It's hard to imagine someone who hasn't heard of Lara Croft of the Tomb Raider series as the gal has become something of an institution since her inception in 1996. Legend is number 7 in the PC game series, but she also appears in printed adaptations, novels, animated short films and movies, as well as inspiring a variety of merchandise. In the Guinness Book of World Records she is recognized as "the most successful videogame heroine."
Lara was first developed by Core Design and the games were both critically and commercially successful. However, eventually Tomb Raider started to fall behind the times and poor reception of the 6th game, Tomb Raider: Angel of Darkness, resulted in a switch to American developer Crystal Dynamic for a makeover. Proving views are subjective however, AOD was my first experience with the Tomb Raider series and even though it did have specific failings, it engaged me enough to want Legend and its sequel, Underworld.
Aside from the character, the premise of the games itself is alluring. Lara Croft, an English Lady of the aristocracy is an adventurer in the same sense as Indiana Jones, an archaeologist venturing into ancient ruins and tombs around the world in search of special artifacts. Add to the mix that she's rich, beautiful, intelligent, and athletic as well as a crack shot and it's a formula that can hardly miss. With a new game design in Legend, Tomb Raider once again became well received in the gaming community.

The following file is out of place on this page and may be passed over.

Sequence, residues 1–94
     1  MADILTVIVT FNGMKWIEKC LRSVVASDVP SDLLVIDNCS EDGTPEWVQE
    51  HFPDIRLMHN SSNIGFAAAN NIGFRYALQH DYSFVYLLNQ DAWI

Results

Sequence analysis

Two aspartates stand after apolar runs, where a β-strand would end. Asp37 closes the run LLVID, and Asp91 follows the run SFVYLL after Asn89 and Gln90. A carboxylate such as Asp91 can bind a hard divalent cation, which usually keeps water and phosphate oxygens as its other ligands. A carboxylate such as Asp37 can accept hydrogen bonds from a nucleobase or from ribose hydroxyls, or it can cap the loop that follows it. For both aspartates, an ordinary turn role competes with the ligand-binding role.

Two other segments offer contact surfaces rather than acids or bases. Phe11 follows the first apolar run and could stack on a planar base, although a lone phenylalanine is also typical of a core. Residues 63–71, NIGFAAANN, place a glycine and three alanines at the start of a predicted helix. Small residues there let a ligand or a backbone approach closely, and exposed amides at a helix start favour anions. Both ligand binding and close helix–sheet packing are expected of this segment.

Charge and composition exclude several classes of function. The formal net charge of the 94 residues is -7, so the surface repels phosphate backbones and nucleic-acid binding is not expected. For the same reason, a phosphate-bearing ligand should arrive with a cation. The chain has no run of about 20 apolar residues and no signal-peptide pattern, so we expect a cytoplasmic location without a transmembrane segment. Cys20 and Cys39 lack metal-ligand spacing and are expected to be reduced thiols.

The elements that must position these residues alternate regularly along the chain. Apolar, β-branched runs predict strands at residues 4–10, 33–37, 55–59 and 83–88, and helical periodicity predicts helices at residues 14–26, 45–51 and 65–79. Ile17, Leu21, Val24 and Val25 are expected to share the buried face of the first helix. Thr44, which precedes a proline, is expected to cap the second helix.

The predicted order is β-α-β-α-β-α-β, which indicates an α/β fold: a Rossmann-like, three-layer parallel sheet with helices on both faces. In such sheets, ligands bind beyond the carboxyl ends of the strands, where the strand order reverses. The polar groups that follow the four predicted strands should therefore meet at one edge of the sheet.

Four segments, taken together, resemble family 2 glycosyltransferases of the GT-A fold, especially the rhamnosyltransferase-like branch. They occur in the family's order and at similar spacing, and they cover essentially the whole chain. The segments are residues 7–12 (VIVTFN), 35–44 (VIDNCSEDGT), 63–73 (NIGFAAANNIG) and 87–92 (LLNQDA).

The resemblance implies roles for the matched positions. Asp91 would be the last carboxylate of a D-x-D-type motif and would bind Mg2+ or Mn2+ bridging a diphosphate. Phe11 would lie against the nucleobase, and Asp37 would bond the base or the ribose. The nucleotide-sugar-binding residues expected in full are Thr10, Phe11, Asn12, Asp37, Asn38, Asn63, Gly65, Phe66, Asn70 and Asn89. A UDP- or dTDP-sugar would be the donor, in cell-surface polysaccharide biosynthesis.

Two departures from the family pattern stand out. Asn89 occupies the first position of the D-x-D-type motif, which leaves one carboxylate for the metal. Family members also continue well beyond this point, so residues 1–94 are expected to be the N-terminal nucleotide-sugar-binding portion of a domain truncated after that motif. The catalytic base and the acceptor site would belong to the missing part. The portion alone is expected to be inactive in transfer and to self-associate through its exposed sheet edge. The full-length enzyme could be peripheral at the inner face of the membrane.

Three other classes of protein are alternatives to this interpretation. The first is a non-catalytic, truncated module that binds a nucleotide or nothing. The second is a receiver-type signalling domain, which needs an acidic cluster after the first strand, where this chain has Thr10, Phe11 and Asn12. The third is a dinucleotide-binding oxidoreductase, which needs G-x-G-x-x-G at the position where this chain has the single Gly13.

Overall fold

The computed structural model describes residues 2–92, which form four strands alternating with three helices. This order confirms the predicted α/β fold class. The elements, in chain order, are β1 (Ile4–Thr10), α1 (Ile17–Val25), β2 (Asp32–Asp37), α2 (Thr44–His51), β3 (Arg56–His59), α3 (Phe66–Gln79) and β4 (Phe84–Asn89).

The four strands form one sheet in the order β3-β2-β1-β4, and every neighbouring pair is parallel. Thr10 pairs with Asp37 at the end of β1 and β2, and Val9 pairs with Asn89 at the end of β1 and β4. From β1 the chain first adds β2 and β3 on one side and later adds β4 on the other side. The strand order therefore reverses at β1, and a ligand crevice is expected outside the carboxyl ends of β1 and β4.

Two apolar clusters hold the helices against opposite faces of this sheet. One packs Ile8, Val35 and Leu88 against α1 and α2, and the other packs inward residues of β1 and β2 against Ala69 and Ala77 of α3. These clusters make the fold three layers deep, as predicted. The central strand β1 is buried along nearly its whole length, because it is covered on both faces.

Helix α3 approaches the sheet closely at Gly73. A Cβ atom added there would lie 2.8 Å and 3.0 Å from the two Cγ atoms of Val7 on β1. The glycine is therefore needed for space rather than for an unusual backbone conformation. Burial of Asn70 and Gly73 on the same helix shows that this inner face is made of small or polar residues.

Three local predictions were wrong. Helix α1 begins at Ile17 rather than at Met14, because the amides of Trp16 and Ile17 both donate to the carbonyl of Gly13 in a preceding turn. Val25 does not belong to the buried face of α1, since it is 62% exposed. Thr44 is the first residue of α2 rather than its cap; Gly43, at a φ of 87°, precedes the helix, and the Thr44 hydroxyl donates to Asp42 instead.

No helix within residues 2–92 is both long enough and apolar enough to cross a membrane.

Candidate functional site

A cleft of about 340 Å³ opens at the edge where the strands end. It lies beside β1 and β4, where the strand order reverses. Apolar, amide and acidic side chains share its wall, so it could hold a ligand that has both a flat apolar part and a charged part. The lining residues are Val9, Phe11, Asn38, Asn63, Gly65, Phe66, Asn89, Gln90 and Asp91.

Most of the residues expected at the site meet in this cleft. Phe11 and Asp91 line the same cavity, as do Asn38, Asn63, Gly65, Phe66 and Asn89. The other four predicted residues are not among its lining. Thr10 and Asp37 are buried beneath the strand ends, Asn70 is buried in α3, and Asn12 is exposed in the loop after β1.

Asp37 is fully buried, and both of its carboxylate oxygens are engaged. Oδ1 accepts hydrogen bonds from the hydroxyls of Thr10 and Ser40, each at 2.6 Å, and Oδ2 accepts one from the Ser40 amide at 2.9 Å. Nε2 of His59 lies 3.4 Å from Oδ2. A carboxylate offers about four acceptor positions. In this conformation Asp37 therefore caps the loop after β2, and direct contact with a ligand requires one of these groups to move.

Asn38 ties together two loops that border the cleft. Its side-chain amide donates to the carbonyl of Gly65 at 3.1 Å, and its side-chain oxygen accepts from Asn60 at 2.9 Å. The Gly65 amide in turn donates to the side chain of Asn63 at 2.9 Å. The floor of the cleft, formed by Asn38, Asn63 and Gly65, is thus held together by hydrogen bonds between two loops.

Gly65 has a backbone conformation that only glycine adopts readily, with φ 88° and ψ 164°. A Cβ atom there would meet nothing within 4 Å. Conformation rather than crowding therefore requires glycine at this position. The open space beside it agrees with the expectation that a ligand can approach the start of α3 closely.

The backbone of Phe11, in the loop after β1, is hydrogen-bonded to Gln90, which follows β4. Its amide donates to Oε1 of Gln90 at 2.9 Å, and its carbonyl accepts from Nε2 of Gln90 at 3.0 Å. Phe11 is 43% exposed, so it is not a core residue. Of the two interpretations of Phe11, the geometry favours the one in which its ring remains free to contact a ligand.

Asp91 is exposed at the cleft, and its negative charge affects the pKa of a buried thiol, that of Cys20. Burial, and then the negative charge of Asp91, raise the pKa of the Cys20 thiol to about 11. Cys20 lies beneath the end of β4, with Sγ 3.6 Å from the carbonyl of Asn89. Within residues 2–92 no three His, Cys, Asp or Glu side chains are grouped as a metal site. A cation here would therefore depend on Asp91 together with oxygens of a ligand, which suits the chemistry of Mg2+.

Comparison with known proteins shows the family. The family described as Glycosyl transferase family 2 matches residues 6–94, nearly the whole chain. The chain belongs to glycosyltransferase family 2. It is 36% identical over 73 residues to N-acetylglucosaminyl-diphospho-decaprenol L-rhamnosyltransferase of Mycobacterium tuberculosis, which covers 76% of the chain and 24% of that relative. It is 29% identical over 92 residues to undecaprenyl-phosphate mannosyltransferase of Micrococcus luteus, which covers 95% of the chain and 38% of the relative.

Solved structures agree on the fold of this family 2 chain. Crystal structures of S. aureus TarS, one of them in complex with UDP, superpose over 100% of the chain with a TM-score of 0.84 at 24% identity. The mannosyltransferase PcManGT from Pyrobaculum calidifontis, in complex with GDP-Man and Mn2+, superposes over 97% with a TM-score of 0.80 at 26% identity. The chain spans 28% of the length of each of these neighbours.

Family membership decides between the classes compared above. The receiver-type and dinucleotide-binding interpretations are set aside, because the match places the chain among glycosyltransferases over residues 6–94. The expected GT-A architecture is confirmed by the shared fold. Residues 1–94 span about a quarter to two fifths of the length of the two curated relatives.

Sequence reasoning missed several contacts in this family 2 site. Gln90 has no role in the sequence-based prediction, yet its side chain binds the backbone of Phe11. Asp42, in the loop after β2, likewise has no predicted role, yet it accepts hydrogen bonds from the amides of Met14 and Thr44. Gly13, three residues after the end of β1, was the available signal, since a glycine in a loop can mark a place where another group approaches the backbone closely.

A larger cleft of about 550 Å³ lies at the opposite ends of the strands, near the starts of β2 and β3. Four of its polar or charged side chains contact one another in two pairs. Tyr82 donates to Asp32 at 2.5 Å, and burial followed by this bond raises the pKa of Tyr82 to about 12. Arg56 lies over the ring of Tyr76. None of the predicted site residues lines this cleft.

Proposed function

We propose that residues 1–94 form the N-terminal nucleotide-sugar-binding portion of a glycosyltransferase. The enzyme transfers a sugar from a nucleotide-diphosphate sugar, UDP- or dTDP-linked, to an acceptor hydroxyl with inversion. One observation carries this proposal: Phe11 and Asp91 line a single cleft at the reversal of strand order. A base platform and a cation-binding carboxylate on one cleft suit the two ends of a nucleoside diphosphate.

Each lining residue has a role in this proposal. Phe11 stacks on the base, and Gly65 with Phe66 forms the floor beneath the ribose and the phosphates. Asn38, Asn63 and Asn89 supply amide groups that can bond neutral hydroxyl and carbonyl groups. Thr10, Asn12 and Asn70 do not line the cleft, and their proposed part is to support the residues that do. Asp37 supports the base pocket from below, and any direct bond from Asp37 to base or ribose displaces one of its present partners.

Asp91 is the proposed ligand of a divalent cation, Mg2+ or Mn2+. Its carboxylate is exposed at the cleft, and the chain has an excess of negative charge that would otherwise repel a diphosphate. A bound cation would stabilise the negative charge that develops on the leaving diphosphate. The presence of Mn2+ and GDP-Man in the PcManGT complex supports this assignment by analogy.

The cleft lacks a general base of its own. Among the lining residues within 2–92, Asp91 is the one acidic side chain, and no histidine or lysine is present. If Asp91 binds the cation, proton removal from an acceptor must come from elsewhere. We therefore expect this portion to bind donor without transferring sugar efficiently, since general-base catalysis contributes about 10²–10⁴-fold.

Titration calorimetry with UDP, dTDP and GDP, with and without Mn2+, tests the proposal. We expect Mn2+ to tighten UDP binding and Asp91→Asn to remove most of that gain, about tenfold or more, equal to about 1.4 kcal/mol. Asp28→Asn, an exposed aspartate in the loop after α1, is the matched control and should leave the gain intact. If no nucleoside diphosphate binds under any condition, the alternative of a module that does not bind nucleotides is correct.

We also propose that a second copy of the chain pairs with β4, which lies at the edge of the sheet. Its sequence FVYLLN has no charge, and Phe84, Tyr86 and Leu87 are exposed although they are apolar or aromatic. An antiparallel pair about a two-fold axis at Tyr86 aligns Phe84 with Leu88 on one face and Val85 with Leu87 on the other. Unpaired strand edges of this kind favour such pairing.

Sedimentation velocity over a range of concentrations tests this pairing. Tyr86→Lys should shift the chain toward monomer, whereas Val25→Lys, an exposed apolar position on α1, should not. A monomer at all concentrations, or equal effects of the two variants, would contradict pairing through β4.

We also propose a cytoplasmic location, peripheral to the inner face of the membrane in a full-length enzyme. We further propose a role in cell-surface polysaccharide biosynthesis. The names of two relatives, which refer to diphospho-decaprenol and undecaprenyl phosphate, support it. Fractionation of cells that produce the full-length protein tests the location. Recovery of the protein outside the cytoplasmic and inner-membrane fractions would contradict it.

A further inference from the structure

Legend centers on Lara's search for her mother and the sword Excalibur. Her adventures take her to Bolivia, Peru, Japan, Africa, England, Kazakhstan and Nepal. In addition to these, there is also a mini game within the game in the form of exploring her English Manor for puzzles and rewards. Along the way she can collect gold, silver and bronze relics which unlock extras such as outfits and models. It's rich in storyline and the various other parties interested in these artifacts provide the combat situations. A great portion of the game is devoted to Lara's athletics. Able to leap tall buildings in a single bound.......no, seriously this is almost true as she scales impossible heights, hangs from precarious ledges and swings from ropes and vines.
I feel the graphics could have been better. To me they were slightly crude, but perhaps the designers didn't want to toy too much or too quickly with the institution that made Lara famous. It's always tricky dealing with serious fans. There are one or two glitches like Lara walking through objects and sometimes the camera angle is a decided nuisance. Learning to aim her in the right direction for a jump can be a frustrating experience. These don't seriously affect the gameplay, but there are a couple of more serious bugs that do. She is able to perform a vast variety of movements, almost too much, and this is one of those games where I feel there are just too many controls to remember, but it does make her very maneuverable in certain situations. Her swimming abilities, however, leave a lot to be desired.
Lara can carry one additional weapon besides her dual pistols as well as four grenades, which I found to be mostly useless. Much more useful is her grapple that allows her to cross chasms and move objects. The puzzles mainly concentrate on how to get from one place to the other and in finding the rewards. Some of these moves are pretty hair-raising and involve dizzying heights. There are also a few motorcycle gymnastics just to add variety.
In conclusion, although I found the controls to be somewhat unwieldy, (particularly during the boss fights) the game is a visual panoramic and the story very engaging. That aside, it's just downright fun swinging from pillar to post, swan diving from vast heights and doing back flips off the enemy. There's just never a dull moment.